Decorated Navy SEAL Edward Gallagher accused of war crimes; Americans should be 'outraged,' brother says

The brother of a decorated Navy SEAL leader alleged to have killed an injured ISIS prisoner of war in Iraq – amongst other war crimes – is now accusing the investigators behind the claims of trying to “take down” an “elite warrior” so they can advance their own careers.

Sean Gallagher’s criticism of the Naval Criminal Investigative Service comes as a military judge this week is preparing his recommendations on what charges Edward Gallagher, a highly lauded special warfare operator who has racked up numerous awards during his eight tours of duty, should face.

The 39-year-old and married father of three currently remains jailed in a Navy brig in California amid disputed accusations he repeatedly plunged a knife into the bloody, wounded body of a young ISIS fighter and fired sniper rounds at innocent civilians in Iraq.

“This investigation is not about justice and the truth, it’s about a win,” Sean Gallagher told Fox News, while comparing the relationship between the NCIS and the Navy SEALs to one between a hammer and a nail.

“A SEAL is a shiny, golden nail where if you take them down it makes you look good,” he added.

Edward Gallagher was undergoing a medical screening at Camp Pendleton and was in the process of transitioning to a non-combat advisory role for the Navy SEALs, his brother says, when he was taken into custody in September. Gallagher was planning to retire in the spring.

Prosecutors reportedly said Gallagher was detained for trying to intimidate witnesses to the alleged crimes. But Sean tells Fox News that it was a misunderstanding -- and that his brother was merely venting in text messages to his friends, some of whom had been contacted by the NCIS, “about false accusations.”

Sean says his brother now doesn’t have full access to his lawyers as he remains in pre-trial confinement, awaiting his fate.

Special Operations Chief Edward "Eddie" Gallagher is a decorated Navy SEAL, but he is now being accused of committing war crimes. (Courtesy Sean Gallagher)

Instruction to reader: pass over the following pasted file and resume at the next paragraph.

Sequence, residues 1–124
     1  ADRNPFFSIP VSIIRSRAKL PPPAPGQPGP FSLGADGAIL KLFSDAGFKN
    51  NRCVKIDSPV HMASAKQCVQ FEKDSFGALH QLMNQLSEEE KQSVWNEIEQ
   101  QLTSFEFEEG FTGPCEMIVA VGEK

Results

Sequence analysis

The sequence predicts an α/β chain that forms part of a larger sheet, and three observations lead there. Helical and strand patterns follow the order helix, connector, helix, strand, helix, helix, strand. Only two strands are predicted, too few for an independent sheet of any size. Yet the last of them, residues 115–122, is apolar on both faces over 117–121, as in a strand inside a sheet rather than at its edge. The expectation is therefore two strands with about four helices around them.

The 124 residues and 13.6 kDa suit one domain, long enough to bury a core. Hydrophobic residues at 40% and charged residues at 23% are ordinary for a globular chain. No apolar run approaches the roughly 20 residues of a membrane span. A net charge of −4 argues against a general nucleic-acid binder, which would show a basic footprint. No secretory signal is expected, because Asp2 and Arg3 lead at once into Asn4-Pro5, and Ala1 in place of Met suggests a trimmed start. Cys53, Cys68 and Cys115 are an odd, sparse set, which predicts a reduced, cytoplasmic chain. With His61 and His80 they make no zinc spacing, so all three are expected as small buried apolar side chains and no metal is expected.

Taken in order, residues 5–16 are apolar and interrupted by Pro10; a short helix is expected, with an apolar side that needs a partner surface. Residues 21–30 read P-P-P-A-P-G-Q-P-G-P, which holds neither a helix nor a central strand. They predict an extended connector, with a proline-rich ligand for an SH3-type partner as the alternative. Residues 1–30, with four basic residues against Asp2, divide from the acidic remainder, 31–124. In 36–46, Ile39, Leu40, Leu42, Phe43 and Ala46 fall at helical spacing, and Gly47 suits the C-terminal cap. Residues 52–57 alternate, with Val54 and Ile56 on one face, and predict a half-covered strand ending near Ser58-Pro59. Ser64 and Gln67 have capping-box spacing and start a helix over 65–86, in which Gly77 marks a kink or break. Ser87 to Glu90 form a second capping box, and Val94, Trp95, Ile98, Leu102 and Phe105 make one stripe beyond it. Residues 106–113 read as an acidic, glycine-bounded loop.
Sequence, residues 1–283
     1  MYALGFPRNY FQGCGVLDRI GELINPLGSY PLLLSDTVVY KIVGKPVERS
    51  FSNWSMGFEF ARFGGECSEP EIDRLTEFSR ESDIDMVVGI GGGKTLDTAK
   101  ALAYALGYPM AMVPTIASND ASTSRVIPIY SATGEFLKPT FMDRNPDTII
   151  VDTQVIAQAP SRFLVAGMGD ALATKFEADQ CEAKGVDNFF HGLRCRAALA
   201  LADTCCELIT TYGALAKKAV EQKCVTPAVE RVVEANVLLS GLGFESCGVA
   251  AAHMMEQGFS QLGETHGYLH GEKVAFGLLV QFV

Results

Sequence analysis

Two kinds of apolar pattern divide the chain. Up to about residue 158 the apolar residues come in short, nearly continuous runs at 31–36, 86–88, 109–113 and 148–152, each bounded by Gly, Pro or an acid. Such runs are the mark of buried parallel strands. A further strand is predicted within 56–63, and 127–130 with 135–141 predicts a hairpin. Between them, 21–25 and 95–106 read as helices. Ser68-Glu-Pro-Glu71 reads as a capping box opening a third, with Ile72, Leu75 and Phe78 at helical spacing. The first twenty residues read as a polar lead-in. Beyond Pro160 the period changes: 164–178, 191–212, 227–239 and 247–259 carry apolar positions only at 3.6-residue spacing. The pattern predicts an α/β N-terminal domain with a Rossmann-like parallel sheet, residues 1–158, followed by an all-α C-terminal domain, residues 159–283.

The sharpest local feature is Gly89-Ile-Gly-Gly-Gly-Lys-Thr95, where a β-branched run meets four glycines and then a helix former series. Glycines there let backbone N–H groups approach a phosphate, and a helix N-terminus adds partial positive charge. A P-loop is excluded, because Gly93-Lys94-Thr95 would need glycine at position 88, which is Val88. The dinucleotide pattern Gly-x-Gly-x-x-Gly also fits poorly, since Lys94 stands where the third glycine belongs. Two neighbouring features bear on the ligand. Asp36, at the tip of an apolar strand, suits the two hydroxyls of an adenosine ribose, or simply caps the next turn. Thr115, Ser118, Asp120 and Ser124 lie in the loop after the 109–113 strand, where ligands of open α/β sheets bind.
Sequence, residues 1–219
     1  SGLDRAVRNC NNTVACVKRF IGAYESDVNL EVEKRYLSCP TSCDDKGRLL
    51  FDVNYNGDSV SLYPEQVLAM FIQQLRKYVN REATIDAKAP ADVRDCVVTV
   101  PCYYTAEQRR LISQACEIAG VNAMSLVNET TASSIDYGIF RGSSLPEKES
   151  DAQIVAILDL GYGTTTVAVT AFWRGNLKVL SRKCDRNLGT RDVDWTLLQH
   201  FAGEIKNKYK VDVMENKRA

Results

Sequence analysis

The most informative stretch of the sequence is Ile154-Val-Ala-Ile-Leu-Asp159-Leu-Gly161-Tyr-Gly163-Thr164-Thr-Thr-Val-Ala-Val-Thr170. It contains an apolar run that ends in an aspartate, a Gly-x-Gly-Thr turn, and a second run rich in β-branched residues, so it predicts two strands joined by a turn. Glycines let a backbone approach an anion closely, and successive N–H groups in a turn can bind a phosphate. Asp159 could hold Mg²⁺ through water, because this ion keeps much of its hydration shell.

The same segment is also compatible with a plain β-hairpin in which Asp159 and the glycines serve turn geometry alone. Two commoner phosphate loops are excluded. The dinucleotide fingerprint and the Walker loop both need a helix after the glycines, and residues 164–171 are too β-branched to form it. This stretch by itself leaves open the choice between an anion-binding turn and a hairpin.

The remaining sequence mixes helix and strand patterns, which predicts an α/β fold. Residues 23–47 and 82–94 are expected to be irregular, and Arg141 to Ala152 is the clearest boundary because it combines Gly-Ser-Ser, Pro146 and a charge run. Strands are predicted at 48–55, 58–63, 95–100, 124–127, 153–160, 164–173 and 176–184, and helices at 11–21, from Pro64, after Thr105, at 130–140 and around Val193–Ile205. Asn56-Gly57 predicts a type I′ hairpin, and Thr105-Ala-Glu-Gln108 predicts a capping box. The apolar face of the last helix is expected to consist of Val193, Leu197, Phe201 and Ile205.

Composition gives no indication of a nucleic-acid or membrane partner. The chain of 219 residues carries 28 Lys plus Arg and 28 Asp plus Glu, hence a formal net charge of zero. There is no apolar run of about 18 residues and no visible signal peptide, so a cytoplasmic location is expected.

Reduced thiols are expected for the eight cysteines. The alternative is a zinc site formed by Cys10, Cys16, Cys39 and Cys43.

Born into a military family whose service record dates back to World War II, Gallagher followed in the footsteps of his father – a West Point graduate and retired lieutenant colonel – and enlisted in the Navy in 1999.

Years later, he became the first non-Marine to graduate from the Marine sniper school and in 2005, became a Navy SEAL, according to a biography of Gallagher on a website dedicated to fighting for his release.

“As a SEAL Eddie would continue to excel, rising not only in rank but as a true leader,” the biography continues. “He became lead sniper, lead platoon medic, lead breacher, fire team leader, master training specialist, squad leader and eventually, lead petty officer where he was in charge of an entire SEAL platoon deployed to the Middle East.”

Throughout his 19 years of service, Gallagher earned the Bronze Star with V for Valor twice, a Meritorious Unit commendation, and a trio of Navy and Marine Corps Achievement medals, among other recognitions and decorations.

He fought in Iraq and Afghanistan several times, reaching the status of what Sean described as a “modern day war hero” in an interview with "Fox & Friends."

But it was during Gallagher’s last combat deployment in 2017 he lost his way, prosecutors say, and “decided to act like the monster the terrorists accuse us of being.” NCIS launched an investigation into Gallagher this April.


The Navy’s three-page criminal count sheet against Gallagher now lists a slew of alleged offenses, including premeditated murder, drug abuse and willfully firing off his weapons “under circumstances such as to endanger human life” and “of a nature to bring discredit upon the armed forces.”

A preliminary hearing was held last week at Naval Base San Diego to help determine whether the case will head to a trial. Prosecutors at the hearing, citing accounts from fellow Navy SEALs gathered by the NCIS, claimed Gallagher shot an Iraqi girl walking along a riverbank and an elderly man holding a water jug.

In May last year, Iraqi forces in Mosul caught an Islamic State fighter aged in his teens, who was left battered and bloody from the combat.

Investigators allege while the teen was receiving medical treatment from SEAL medics, Gallagher walked up and stabbed him in his neck and side with a knife, killing the fighter. Then, they say, he posed for photographs with the fighter’s body, holding his head in one hand and his blade in the other – and sent one of the images to a fellow SEAL with the caption “I got him with my hunting knife.”

And when some of the SEALs in Gallagher’s platoon tried to report his alleged misdeeds, they were met with death threats – from Gallagher himself, prosecutors reportedly claimed.